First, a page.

POLITICAL parties have been called on to release their green wedge and planning policies to re-affirm the protection of green wedge zones well before the November state election.
RMIT University’s Professor Michael Buxton told last week’s Mornington Peninsula Green Wedge Summit that planning and population management was a “hot issue impacting on the community”.
He said some of Victoria’s most important environmental assets, such as the green wedge zones, would face increasing pressures.
“Greater Melbourne’s population explosion highlights the strategic value of the decisions taken in the 1960s to create the green wedges and, also, the importance of bipartisan support for strengthening long term planning controls,” Prof Buxton, who is regarded as one of Australia’s most respected planning commentators, said.
“Although green wedges are set aside as non-urban land through the planning scheme, they are subject to intense pressures for urban development and change.”
Prof Buxton said these competing pressures included urban development, hobby farms, tourism, intensive agriculture and infrastructure, all exacerbated by the green wedge areas’ closeness to metropolitan Melbourne.
“Green wedge zones are increasingly being recognised for their major contribution to community health and wellbeing as development pressures dramatically increase living densities in residential areas with the abolition of local planning laws,” he said.
“In the case of greater Melbourne and Victoria, the Mornington Peninsula Green Wedge is a major health, agriculture, tourism and employment asset.”
Prof Buxton criticised the state government for last year – “without any notice” – changing planning regulations to allow the owners of 24,000 housing sites in Mornington Peninsula Shire – a quarter of those available – an automatic right to build new, or renovate existing, homes into three storey “McMansions” in low-scale townships and coastal villages.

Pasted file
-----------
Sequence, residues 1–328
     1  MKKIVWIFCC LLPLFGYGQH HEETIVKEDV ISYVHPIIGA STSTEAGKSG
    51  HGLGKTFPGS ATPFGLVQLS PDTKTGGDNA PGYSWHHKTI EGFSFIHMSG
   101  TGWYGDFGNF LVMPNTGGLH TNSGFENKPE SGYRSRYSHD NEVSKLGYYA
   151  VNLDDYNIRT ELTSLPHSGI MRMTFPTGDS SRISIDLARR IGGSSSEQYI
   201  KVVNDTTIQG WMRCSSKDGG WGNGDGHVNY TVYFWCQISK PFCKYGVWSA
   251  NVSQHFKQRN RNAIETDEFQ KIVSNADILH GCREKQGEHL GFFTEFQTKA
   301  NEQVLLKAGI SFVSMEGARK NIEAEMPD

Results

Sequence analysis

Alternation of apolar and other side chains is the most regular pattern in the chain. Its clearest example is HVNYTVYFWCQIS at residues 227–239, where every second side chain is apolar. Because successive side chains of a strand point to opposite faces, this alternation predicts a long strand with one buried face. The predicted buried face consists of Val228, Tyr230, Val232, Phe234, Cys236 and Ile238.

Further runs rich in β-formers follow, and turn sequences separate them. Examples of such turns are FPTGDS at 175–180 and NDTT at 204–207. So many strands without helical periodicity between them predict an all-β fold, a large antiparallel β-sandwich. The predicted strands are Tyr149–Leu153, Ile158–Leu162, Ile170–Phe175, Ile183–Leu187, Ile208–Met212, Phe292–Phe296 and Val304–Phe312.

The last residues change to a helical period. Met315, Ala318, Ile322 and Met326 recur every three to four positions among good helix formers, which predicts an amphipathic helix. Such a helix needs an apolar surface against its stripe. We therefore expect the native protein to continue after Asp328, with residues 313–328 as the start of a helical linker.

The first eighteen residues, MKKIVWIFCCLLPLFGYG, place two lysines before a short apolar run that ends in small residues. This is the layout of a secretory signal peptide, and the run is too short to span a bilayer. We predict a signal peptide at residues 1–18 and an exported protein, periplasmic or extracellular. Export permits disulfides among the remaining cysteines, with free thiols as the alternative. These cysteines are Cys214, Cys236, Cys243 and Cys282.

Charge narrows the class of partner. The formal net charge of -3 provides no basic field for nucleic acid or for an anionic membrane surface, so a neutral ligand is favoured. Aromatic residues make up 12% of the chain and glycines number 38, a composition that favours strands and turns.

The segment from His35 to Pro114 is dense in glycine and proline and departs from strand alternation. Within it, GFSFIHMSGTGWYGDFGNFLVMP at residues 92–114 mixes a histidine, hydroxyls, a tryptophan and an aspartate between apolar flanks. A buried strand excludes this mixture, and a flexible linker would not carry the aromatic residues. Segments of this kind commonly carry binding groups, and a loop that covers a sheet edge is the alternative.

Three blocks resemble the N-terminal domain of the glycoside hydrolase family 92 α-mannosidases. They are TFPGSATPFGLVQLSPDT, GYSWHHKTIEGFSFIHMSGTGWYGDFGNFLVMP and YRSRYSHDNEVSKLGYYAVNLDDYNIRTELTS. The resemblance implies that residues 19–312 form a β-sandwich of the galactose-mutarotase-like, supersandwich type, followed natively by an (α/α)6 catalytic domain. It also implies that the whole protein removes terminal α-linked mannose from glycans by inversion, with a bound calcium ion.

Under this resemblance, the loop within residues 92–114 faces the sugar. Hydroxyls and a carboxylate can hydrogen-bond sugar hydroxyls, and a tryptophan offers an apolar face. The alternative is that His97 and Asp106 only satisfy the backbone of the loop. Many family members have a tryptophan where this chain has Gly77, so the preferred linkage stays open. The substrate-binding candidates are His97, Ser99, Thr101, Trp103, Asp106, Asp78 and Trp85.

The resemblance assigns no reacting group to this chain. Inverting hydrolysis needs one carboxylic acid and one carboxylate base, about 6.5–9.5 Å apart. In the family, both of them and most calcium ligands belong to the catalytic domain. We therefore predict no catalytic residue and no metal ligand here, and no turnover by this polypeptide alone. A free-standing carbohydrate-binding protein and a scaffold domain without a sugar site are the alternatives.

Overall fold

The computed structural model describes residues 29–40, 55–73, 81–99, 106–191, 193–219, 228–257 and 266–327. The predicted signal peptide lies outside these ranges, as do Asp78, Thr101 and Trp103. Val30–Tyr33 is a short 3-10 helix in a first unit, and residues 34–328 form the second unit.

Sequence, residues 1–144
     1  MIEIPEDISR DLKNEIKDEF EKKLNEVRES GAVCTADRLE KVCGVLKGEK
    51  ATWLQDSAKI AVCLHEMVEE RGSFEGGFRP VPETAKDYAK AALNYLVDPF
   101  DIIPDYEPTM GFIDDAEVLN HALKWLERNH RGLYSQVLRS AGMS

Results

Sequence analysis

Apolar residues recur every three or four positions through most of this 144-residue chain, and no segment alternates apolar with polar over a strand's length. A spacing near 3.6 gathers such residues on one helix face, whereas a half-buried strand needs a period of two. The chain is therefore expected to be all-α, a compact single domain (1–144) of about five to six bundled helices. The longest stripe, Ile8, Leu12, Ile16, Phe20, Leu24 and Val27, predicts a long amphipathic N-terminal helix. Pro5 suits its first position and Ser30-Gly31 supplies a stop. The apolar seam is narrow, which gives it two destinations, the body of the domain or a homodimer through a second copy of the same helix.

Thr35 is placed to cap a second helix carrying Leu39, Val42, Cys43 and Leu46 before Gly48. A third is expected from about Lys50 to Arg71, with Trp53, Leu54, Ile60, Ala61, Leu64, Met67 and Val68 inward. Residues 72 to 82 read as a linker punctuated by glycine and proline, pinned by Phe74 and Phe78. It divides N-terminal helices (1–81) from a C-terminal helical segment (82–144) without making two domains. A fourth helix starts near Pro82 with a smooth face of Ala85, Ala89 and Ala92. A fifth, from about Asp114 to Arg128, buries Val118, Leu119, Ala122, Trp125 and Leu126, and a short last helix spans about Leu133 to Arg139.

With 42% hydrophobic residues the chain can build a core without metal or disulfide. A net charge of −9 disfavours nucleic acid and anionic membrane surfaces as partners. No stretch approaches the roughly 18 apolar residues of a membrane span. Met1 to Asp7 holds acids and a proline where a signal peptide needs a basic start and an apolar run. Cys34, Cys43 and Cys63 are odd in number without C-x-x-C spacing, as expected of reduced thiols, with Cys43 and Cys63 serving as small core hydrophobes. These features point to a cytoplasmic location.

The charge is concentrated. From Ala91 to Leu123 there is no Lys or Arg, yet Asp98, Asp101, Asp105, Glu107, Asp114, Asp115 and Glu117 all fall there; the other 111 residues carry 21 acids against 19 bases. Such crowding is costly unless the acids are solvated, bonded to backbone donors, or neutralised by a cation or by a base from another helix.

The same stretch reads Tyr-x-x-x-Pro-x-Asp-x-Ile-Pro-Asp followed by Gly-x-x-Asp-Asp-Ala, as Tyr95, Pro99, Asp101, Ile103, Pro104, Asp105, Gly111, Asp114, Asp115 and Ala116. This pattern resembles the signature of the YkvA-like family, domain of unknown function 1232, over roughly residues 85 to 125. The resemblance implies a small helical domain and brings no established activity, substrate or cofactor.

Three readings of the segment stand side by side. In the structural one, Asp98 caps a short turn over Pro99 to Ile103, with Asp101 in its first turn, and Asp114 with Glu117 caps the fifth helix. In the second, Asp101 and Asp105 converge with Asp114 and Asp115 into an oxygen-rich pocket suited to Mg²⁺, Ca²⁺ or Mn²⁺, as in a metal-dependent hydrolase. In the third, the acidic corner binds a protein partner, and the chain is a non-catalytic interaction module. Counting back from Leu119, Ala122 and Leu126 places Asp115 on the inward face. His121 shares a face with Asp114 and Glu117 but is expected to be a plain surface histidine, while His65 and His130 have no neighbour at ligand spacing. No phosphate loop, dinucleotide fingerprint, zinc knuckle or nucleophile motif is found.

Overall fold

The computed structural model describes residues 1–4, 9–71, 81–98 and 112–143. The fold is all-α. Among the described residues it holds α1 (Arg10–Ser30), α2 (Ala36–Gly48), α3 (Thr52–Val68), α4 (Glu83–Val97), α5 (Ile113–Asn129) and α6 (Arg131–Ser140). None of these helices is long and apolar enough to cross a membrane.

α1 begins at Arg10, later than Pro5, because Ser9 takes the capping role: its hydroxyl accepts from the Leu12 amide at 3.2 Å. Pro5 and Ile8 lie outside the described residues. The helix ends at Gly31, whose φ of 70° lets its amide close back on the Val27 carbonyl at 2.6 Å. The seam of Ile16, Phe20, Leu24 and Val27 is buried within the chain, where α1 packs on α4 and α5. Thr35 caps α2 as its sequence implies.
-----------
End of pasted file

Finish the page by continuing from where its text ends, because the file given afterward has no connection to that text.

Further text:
“The high use of general residential zoning in urban areas, at 76 per cent, will increasingly lead to multi-unit development with even greater impact on vegetation, road congestion and lowering of existing residential amenity and environment – the very reason people had made the location their home,” he said.
“This is a repeat of the same current planning ministry height strategy in suburban Melbourne that has led to a major surge in oversized housing taking up all of a site and dwarfing the neighbours.
“This ultimately sees the disappearance of trees in urban areas and loss of neighbourhood environment and amenity.
“In Mornington Peninsula Shire, the imposition of three-storey homes in traditionally small scale residential areas could lead to major urbanisation on the boundaries of the green wedge throughout the peninsula’s historic coastal villages and townships.”
Prof Buxton said all councils with green wedge areas should be prepared for extra development pressure in the future. He said strong local community support was vital in maintaining environmental integrity for future generations.